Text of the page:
Today is the birthday of the great American songwriter Howard Hoagland “Hoagy” Carmichael (1899-1981), responsible for “Stardust”, “Skylark”, “Georgia On My Mind”, ‘The Nearness of You, “Heart and Soul” and countless others. He was named Hoagland after a circus that was passing through his town on the day he was born.
Indiana native Carmichael learned piano from his mother, who played professionally at local nickelodeons. later he was to pick up tips from Indianapolis jazz king Reg DuValle while he worked as a manual laborer and worked towards his law degree. (Carmichael later graduated and passed the bar but his musical career quickly swallowed up any prayer of a practice.) When still a student he met Bix Beiderbecke, and the two played together. It was Beiderbecke who recorded some of Carmichael’s first compositions in the mid 20s, and his star rapidly rose. Soon everyone was recording them. In the late 1930s, he moved out to Hollywood and became an occasional movie actor on top of supplying songs to films.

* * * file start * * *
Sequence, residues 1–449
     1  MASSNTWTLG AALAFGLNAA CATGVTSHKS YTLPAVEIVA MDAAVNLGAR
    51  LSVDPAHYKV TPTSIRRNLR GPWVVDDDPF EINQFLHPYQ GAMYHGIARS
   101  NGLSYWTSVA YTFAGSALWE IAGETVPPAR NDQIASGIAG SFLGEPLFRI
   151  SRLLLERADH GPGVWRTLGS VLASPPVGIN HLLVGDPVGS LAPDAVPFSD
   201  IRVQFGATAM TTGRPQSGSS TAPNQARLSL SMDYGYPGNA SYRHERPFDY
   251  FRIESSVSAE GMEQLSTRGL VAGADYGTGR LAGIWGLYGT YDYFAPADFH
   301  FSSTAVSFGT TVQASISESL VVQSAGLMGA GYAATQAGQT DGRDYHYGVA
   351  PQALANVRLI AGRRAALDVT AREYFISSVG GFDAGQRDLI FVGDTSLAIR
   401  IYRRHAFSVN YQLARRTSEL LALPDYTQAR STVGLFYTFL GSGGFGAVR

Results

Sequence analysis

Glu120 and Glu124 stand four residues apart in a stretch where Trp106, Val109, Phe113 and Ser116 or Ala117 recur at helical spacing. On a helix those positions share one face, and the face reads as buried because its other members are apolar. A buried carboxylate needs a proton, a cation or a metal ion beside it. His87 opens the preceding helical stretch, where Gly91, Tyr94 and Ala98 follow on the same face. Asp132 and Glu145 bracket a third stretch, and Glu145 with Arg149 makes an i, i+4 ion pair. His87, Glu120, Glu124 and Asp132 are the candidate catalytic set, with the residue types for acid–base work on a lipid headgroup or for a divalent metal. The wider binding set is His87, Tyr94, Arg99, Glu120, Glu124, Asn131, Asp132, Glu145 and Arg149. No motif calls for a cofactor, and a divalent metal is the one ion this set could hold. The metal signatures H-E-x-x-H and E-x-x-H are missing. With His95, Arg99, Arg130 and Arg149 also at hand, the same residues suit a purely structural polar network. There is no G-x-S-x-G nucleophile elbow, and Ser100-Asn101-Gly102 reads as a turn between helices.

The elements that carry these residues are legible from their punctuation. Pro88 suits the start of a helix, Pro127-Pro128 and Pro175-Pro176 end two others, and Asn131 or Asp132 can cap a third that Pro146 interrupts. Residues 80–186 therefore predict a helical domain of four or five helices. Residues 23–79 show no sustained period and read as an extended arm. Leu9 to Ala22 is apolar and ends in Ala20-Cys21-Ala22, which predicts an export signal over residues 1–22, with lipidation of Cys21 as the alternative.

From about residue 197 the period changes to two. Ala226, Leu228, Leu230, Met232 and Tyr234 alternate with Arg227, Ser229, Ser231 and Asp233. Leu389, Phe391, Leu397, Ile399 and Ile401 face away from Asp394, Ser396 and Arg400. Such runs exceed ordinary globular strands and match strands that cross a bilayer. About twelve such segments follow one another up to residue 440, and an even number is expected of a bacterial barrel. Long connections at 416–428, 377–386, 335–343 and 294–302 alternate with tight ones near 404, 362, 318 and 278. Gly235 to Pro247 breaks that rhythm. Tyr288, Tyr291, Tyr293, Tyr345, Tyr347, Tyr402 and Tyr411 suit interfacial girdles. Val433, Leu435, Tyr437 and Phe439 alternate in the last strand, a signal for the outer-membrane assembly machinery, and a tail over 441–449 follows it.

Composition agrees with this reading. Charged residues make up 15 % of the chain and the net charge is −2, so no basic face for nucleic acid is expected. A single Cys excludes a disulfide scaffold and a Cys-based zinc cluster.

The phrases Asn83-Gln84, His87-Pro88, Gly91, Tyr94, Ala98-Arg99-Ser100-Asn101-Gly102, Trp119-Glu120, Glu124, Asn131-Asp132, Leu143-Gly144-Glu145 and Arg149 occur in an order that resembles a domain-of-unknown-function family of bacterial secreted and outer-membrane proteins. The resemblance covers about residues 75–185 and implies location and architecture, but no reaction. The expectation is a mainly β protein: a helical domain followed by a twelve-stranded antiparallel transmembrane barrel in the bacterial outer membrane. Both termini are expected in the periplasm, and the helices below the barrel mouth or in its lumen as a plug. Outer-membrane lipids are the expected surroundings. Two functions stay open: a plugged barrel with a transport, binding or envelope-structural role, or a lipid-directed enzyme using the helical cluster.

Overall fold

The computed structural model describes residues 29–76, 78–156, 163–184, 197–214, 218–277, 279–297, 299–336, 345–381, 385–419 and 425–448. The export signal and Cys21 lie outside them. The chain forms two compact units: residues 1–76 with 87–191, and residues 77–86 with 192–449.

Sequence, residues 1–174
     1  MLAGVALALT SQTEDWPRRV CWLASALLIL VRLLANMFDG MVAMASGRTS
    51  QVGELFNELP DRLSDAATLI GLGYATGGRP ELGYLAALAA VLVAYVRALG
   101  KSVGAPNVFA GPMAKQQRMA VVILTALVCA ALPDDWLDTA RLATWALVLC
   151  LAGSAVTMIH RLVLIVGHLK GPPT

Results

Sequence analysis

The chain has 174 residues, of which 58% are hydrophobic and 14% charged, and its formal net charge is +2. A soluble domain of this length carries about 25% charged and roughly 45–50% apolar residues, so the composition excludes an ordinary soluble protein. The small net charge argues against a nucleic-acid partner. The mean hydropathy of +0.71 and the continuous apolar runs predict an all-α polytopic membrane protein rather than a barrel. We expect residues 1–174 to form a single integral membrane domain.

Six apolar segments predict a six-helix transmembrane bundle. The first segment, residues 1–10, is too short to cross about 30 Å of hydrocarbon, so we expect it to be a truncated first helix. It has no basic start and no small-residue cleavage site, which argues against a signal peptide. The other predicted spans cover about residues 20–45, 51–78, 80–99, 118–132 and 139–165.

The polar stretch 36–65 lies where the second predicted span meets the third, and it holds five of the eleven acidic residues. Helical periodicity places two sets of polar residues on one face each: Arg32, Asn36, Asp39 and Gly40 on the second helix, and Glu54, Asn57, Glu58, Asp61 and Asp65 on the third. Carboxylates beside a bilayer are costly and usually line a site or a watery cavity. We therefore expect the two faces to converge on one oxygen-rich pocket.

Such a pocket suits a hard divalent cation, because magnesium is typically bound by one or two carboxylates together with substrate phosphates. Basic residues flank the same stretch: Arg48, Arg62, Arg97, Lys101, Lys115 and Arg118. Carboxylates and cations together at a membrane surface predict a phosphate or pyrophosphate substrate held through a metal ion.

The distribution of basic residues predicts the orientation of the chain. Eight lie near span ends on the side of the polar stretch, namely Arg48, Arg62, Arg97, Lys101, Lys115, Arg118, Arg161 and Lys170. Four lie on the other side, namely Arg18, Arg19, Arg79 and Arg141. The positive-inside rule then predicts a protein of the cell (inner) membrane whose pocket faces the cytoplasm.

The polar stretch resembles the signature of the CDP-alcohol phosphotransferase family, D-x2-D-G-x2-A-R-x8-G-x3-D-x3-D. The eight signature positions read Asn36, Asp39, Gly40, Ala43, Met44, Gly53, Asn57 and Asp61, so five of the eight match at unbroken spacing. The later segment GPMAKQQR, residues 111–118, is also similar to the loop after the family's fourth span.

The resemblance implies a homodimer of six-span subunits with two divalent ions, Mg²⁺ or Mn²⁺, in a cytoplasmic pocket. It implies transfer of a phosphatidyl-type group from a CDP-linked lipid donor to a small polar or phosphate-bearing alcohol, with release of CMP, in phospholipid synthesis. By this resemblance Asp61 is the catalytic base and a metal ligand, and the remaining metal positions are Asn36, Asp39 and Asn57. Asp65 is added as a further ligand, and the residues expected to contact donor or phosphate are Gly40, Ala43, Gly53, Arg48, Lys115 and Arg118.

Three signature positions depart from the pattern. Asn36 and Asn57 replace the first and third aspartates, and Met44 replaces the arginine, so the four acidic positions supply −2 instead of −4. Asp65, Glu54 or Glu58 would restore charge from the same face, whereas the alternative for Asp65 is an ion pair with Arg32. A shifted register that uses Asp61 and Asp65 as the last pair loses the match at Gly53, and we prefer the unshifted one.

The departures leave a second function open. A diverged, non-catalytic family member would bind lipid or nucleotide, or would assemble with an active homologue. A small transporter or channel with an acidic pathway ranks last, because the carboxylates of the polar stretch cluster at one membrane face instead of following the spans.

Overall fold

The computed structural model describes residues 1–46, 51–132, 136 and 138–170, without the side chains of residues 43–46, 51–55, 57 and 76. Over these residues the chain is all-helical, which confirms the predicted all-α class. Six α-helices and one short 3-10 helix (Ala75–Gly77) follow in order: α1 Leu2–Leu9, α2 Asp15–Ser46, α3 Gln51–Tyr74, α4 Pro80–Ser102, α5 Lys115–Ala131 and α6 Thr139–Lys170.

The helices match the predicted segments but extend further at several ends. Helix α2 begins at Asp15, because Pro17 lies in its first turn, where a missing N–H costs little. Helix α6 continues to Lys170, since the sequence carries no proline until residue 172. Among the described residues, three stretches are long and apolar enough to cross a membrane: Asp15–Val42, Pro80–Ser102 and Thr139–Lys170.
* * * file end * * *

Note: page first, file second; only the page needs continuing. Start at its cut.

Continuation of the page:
Here, with something to offend at least two ethnic groups, from To Have and Have Not (1944), the haunting “Hong Kong Blues”:
I just love the sound of voice…wooden-sounding, American. And, because I can’t wait until next year to post this other amazing clip, you get a double dose today. Here, from a 1961 episode of The Flintstones is Carmichael (with Wilma and Betty) singing “The Yabba-Dabba-Doo Song”:
As this TV Guide article attests, he was still going strong into the 1970s, even if he wasn’t REALLY bridging the Generation Gap:
To find out more about the variety arts past and present, consult No Applause, Just Throw Money: The Book That Made Vaudeville Famous, available at Amazon, Barnes and Noble, and wherever nutty books are sold. And don’t miss Chain of Fools: Silent Comedy and Its Legacies from Nickelodeons to Youtube, to be released by Bear Manor Media in 2013.